but I, at least, feel it is a VERY BAD idea at this point. It appears they do not have the market share to attempt that just yet. Being the 'budget' brand is something they actually had going for them! Bang for buck is/was high with Pentax. If they are now attempting to sculpt their image back into 'professional tools for the professional shooter' well they need to have more professional tools out.. which they don't yet..

And.. actually.. if they really are attempting to remove a view of being the 'budget' brand.. well.. their issue is two fold.. one, in the aforementioned, and two in that now they are directly competing with Nikon and Canon (among others), If they want to be ranked equally on price well now they will be rated by companies with much bigger pockets and much more established product lines. With the rollercoaster pricings on branded lenses this year, we've already seen these exact effects crop up with people jumping to one or the other in lieu of sticking with Pentax.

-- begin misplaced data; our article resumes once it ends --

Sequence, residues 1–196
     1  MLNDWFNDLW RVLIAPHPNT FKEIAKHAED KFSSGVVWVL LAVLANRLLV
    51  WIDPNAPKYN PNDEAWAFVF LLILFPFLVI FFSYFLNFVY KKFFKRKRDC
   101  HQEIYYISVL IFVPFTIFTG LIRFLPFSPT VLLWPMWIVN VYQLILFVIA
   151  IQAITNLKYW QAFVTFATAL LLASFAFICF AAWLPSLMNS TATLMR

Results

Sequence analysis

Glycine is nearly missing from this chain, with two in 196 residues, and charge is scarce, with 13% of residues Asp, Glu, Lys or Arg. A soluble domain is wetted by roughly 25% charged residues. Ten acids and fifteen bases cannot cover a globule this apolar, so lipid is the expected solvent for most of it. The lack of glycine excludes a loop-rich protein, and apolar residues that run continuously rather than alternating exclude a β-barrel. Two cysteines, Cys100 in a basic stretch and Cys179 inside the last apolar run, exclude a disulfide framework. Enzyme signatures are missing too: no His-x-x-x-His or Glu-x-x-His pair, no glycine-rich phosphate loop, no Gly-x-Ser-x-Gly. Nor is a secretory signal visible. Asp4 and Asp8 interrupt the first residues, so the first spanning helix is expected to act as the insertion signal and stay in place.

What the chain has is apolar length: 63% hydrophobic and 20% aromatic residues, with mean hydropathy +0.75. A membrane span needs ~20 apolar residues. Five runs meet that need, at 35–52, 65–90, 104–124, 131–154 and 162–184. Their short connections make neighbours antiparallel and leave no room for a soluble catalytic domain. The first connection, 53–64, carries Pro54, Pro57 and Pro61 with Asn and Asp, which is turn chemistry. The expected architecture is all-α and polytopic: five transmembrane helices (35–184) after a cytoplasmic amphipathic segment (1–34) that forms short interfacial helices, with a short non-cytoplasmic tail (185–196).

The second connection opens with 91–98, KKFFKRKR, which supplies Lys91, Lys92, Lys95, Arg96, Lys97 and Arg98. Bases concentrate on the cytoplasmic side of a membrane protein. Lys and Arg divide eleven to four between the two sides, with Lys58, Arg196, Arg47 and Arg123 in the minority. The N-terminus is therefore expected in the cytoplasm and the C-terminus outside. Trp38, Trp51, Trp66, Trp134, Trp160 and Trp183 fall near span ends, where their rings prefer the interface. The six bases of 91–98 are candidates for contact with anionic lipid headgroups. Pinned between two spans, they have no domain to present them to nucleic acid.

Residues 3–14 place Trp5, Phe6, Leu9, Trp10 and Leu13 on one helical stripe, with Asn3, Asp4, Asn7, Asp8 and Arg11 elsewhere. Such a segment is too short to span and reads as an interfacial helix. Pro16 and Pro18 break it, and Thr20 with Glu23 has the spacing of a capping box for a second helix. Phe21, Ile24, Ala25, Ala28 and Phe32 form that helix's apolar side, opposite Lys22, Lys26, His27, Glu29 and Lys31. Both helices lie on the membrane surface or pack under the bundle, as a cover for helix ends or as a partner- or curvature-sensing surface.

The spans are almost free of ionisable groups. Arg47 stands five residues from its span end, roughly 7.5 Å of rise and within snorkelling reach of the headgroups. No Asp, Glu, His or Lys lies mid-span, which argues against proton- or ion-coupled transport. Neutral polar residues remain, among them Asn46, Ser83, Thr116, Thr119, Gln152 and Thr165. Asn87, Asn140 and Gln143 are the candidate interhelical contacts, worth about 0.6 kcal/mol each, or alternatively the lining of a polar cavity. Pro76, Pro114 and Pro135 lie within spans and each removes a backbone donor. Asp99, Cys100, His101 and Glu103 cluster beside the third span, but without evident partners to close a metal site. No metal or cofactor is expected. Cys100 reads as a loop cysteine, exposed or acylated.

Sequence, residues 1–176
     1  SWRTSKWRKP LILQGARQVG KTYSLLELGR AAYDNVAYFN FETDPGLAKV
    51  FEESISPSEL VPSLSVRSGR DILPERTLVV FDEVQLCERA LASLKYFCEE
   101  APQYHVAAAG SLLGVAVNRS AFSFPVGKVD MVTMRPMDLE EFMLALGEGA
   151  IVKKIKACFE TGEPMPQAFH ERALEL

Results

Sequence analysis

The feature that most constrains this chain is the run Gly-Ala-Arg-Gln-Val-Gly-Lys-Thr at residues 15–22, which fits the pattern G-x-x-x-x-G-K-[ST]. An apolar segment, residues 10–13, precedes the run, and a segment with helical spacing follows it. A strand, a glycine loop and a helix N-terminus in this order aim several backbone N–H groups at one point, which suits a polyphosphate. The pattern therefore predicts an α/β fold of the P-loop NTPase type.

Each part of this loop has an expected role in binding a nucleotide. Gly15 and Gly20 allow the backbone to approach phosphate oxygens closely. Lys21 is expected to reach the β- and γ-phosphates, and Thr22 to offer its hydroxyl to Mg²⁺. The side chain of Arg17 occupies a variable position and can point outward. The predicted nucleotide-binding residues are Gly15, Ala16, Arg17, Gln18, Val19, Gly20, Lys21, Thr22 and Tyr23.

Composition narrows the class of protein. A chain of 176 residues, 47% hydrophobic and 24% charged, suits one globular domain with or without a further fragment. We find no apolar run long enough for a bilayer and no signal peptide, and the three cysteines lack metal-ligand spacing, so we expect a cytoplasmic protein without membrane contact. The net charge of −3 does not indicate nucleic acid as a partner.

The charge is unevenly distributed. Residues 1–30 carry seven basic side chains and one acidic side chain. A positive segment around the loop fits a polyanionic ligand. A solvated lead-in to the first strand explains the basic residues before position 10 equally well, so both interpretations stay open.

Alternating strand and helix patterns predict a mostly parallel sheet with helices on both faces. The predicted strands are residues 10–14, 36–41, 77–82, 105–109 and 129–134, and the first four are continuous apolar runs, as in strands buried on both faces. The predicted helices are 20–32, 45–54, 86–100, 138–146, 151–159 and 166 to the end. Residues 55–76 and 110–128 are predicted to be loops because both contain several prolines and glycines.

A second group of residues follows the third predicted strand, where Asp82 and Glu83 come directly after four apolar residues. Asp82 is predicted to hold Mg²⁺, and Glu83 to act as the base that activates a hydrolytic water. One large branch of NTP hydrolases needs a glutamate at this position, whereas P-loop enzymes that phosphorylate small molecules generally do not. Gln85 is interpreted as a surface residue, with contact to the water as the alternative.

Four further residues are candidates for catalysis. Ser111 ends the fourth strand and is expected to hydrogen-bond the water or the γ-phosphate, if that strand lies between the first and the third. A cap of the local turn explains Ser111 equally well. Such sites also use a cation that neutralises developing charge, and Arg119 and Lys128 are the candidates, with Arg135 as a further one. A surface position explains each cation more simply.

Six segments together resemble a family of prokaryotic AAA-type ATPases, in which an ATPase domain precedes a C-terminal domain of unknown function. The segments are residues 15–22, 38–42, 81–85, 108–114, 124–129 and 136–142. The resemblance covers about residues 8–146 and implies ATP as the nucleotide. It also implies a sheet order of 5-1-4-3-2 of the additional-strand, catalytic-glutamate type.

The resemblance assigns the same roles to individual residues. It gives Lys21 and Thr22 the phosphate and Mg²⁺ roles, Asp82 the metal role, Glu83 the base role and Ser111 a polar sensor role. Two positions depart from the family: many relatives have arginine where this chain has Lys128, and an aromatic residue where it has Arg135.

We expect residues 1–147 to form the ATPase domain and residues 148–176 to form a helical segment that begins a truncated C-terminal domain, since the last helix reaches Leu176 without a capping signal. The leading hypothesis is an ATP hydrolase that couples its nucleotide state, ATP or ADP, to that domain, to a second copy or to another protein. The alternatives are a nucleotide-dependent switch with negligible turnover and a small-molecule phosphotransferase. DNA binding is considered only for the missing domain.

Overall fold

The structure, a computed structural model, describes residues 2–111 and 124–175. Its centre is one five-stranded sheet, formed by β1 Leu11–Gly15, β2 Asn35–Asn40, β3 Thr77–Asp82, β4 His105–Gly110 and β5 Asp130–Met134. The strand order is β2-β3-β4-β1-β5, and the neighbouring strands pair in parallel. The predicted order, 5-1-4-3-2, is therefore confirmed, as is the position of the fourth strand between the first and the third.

Cart before horse.
09-08-2012, 09:07 PM   #119
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QuoteOriginally posted by interested_observer Quote
There is only the right price - and what may that be? The price the end customer is willing to pay. Ask anyone who has put something up for sale in the Marketplace here on the Forum. That is the experience of retailers large and small across the country. Brick and mortar, internet, etc. It all comes down to the final sale in the chain - the end customer forking over their hard earned dollars. Pentax can have their "Maximum Assured Pricing" which to me spells "Mutually Assured Destruction". MAP = MAD!

I am going to ask a simple question. How does Canon and Nikon price and sell their wares? Do we see Yo-Yo pricing from them? Sure, you are going to pay checkbook depleting prices for Canon's L glass, but you can also find a range of glass to suit your needs and bank account. Same thing with Nikon. Leica is an altogether different story - that does not apply here. Pentax does not have the wide breath of offerings in their product line-up. They can remedy that. However, it does not mean maximizing the pricing of what they do have to support a non-existent retail infrastructure.